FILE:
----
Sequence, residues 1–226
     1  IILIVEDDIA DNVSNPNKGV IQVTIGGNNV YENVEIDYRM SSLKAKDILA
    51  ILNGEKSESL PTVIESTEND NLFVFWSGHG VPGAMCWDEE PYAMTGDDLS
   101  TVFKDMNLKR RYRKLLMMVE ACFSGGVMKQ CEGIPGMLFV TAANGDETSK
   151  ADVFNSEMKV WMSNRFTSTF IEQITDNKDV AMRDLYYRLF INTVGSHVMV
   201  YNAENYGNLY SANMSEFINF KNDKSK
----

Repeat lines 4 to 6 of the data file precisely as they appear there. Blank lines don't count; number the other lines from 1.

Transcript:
   101  TVFKDMNLKR RYRKLLMMVE ACFSGGVMKQ CEGIPGMLFV TAANGDETSK
   151  ADVFNSEMKV WMSNRFTSTF IEQITDNKDV AMRDLYYRLF INTVGSHVMV
   201  YNAENYGNLY SANMSEFINF KNDKSK